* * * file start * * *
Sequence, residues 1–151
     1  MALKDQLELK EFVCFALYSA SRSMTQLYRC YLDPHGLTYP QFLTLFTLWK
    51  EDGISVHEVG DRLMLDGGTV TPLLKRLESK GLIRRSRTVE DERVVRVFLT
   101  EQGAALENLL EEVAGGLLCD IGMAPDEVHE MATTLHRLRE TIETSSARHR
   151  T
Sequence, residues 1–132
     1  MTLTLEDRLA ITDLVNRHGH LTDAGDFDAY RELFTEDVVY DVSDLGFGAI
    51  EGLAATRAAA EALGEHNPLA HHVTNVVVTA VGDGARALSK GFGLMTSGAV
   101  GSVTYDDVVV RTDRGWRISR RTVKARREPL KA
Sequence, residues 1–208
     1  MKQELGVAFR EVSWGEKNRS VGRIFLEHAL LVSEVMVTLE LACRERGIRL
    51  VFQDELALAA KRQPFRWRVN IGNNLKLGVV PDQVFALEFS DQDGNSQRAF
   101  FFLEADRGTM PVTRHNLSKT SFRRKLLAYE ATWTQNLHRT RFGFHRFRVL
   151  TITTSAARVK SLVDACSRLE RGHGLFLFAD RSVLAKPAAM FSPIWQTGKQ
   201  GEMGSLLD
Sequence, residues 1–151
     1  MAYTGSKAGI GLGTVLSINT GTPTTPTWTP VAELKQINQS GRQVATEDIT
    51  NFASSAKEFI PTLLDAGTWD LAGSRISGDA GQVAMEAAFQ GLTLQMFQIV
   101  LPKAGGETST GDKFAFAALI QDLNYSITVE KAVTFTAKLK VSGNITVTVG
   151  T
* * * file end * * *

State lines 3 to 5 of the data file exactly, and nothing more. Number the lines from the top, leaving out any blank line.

    51  EDGISVHEVG DRLMLDGGTV TPLLKRLESK GLIRRSRTVE DERVVRVFLT
   101  EQGAALENLL EEVAGGLLCD IGMAPDEVHE MATTLHRLRE TIETSSARHR
   151  T